In addition to the physiological role of ascorbic acid, it may have unrelated pharmacological effects. When ascorbic acid is administered intravenously, the limiting absorptive mechanism is bypassed and very high plasma levels are attained. Following the administration of 1.25 g intravenously, a peak plasma level of 1000 μmol/L is reached, even though 100 μmol/L is not exceeded by oral dosing.8 When 5–10 g is given intravenously, the resulting plasma levels may be as high as 5000 μmol/L.9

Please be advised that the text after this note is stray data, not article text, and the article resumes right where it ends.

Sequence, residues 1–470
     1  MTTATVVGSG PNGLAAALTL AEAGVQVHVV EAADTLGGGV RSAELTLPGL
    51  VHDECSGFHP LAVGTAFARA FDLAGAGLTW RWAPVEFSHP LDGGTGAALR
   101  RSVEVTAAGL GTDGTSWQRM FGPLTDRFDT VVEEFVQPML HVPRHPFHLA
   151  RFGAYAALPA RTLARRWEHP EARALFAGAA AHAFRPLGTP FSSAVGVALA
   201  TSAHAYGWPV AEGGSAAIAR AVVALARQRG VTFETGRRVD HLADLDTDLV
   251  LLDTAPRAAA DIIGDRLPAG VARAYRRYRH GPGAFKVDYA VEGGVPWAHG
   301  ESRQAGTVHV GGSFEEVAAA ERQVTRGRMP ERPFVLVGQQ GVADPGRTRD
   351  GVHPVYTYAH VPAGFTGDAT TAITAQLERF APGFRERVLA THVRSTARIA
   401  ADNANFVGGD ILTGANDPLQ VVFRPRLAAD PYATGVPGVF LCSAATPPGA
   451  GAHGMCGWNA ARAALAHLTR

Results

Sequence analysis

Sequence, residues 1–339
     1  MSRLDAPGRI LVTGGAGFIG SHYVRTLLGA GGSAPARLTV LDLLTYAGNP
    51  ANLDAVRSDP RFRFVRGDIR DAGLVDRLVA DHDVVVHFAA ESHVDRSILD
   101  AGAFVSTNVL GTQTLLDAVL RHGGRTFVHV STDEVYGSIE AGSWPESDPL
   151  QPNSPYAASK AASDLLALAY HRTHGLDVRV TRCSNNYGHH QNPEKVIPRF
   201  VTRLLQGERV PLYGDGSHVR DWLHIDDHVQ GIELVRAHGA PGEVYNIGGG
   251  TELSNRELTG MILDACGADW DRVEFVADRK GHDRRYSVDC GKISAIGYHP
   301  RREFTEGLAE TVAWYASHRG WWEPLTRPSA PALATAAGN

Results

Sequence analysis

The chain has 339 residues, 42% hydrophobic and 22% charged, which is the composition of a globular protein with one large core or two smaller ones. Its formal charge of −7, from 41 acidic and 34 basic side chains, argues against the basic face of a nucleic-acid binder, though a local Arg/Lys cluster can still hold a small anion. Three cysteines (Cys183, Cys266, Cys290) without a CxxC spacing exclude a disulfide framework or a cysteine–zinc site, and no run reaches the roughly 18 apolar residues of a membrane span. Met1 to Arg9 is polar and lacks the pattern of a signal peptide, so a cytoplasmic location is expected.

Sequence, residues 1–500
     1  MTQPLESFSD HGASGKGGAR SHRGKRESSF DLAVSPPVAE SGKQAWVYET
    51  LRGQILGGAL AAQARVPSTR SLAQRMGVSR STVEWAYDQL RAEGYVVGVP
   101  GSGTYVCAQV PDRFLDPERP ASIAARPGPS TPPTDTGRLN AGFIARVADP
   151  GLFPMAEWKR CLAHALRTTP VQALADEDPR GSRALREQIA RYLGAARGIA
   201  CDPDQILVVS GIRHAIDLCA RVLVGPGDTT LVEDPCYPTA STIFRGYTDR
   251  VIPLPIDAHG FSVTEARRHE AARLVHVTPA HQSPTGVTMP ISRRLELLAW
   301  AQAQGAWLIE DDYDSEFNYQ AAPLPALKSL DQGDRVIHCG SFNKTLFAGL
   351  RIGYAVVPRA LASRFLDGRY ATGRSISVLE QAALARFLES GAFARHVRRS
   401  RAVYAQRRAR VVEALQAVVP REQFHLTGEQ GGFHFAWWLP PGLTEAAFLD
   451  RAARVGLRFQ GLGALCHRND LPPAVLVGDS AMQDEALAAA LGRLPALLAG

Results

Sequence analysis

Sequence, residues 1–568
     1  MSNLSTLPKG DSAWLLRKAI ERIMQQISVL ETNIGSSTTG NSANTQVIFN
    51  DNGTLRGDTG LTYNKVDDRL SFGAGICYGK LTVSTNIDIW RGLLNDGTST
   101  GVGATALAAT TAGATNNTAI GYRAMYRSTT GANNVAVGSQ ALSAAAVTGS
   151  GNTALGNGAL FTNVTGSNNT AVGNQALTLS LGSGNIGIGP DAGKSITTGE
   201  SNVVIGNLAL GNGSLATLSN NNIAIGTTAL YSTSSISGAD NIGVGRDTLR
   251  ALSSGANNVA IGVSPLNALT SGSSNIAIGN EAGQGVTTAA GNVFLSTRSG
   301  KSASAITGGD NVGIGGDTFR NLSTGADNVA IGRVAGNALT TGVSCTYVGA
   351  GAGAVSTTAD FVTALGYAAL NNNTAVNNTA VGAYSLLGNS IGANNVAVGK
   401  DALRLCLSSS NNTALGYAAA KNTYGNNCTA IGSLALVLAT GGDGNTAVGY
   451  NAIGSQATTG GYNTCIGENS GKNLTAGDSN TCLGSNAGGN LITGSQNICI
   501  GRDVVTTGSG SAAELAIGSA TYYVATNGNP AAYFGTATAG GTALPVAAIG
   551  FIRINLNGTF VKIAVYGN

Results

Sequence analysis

This difference between the oral and intravenous administration of high doses was not adequately appreciated in studies of the treatment of cancer with vitamin C. In vitro, ascorbic acid is cytotoxic to many malignant cell lines10 at concentrations that can be achieved in plasma by intravenous, but not oral, administration. Whether similar effects would occur in vivo is not known. The unconventional studies of Cameron and Campbell,11 later joined by Linus Pauling, used high-dose intravenous vitamin C to treat terminal cancer. They reported clinical benefits and improved survival.12,13 Because these studies were not randomized or placebo controlled, Moertel and colleagues carried out 2 randomized placebo-controlled clinical trials at the Mayo Clinic to check these findings.14,15 Using high-dose oral vitamin C, they found no benefit. Given the recent appreciation of the differing plasma levels resulting from oral versus intravenous administration, it is difficult to compare the studies carried out by Moertel and coworkers with those of Cameron and his colleagues. The cause of cancer patients will be better served if advocates and sceptics concerning the efficacy of vitamin C re-examine these issues with both open minds and scientific rigour.